No accurate prediction fo class size possibleanalysis
Last in a series on issues affecting housing and class size.
Inaccurate predictions of class size and dormitory spaces by the Admissions Office and the Office of the Dean for Student Affairs (ODSA) resulted in an unexpectedly high level of dormitory crowding this fall.
These projections' accuracy cannot be improved significantly, because the timetable of the admissions process requires them to be made far in advance, and because privacy considerations make some information unavailable to MIT.
MIT is also affected by variations in the off-campus housing market, which it cannot influence directly. For example, rising rents in the Boston area have caused more students to remain on campus.
MIT faces three courses of action. It could revoke the guarantee of eight terms of housing for undergraduates, build new housing, or reduce the incoming class size.
President Paul E. Gray '54 recently recommended the third alternative.
Several factors combined
A combination of fewer spaces and more freshmen than foreseen led to the near-record crowding of approximately 500 students.
The prediction by Associate Dean for Student Affairs Robert A. Sherwood of the number of upperclassmen returning to the dormitories was too low by almost 60 students. The Academic Council used his projection in setting the size of the Class of 1989.
More offers of admission to students on the waiting list were accepted than the Admissions Office anticipated, and fewer students than expected withdrew from MIT before enrolling. Consequently, the Class of 1989 exceeds its targeted size of 1025 by over 30 students.
Predictions inherently uncertain
Both the ODSA and the Admissions Office must make predictions representing thousands of independent decisions by students.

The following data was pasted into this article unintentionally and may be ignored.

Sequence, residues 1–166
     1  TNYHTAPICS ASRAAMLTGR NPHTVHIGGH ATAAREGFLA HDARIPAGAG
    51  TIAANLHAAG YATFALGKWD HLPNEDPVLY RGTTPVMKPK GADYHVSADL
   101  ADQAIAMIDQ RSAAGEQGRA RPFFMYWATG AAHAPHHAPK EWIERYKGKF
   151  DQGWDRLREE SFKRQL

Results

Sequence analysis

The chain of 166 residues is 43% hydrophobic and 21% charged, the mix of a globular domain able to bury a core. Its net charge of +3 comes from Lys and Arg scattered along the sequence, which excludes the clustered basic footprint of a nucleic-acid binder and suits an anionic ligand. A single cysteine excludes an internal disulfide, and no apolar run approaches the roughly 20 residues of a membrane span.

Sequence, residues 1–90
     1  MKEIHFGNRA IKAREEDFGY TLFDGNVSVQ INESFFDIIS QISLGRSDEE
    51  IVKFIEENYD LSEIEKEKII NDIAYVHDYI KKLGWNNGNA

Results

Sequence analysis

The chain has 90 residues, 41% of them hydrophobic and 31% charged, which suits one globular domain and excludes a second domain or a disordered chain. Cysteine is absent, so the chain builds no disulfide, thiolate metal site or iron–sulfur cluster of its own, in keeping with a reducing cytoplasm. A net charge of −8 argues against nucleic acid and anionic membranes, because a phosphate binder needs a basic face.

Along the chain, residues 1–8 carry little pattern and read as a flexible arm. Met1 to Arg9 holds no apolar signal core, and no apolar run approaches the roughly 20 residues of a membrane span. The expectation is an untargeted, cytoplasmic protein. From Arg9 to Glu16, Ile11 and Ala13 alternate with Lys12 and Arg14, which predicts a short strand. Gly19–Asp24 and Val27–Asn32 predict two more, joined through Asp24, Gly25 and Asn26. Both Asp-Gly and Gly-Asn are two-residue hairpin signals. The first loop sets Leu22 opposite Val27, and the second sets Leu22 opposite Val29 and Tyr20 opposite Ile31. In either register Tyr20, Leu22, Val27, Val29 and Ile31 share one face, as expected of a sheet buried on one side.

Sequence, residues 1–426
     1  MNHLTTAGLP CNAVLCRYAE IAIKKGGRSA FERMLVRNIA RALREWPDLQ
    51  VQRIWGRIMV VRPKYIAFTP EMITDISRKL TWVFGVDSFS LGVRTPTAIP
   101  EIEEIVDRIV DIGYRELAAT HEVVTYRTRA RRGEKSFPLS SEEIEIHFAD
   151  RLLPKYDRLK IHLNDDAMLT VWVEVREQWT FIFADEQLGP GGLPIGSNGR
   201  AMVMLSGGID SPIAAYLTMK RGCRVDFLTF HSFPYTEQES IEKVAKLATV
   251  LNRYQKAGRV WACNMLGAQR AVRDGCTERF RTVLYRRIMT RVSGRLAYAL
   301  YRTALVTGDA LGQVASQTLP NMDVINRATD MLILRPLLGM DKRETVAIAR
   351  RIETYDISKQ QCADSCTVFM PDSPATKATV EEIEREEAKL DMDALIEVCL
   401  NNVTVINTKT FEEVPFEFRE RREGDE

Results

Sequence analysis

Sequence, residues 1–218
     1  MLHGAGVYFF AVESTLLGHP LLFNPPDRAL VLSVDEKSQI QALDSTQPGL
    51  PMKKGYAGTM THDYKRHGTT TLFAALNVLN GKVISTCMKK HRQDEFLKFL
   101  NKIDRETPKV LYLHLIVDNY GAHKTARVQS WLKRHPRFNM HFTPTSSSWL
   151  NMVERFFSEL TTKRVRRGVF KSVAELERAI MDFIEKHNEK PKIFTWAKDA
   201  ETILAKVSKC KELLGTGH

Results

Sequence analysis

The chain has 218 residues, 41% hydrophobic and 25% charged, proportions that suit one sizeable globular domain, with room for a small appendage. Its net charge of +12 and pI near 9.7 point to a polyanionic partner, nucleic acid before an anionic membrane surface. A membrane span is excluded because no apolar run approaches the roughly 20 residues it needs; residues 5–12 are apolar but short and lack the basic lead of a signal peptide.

The number of returning upperclassmen must be projected in January so that the class size can be set in time for the Admissions Office to process applications.
The accuracy of the ODSA predictions is impeded because it must make them far in advance. But January is sometimes too early to foresee factors affecting students' decisions. This year's rapid rise in area rents began in the spring, after the class size target had been set.
Respect for applicants' privacy hinders predictions by the Admissions Office. The office does not ask where else candidates have applied, nor where they have been accepted.
The response of students admitted from the waiting list cannot be estimated accurately without knowing their plans at the time they receive their acceptance. The summer withdrawal rate depends heavily on the number of students accepted from other schools' waiting lists who then decide to attend those schools. This information is also not available to MIT.
Little room for adjustment
The Admissions Office maintains the waiting list as a means of adjusting the class size. If the "yield" of admitted students who decide to attend MIT is different from its anticipated value, the office compensates by admitting more or fewer students from the waiting list.
Yet this year, the unexpectedly large yield from the waiting list was a major cause of the larger-than-intended class size.
Admission of students on the waiting list is the last action that the Admissions Office controls. Hence the office cannot compensate for an unexpected response from the waiting list. If the office made more use of the waiting list, the uncertainty in the class size would therefore be magnified.
"Rolling" admissions has been suggested as another means of compensation for fluctuations in yield. Some groups of students could be admitted earlier than others, and further groups would be admitted after the yield from the first group is determined.
MIT cannot know the yield from the students admitted in March until May 1, the "candidate's reply date" for nearly all colleges in the country, and it cannot make offers of admission after June 30 because of an agreement with the Consortium on Financing Higher Education. Hence the Admissions Office has only two months to work with the waiting list, and it would be difficult to have more than one or two rounds of admission from the waiting list in two months.
Shrinking class only solution
Since the ODSA and the Admissions Office cannot guarantee the accuracy of their predictions, the only way to prevent overcrowding is to leave a margin of error by admitting a smaller class.
Director of Admissions Michael C. Behnke has said he will aim for a lower number than the official target, because Gray has directed him not to exceed the target.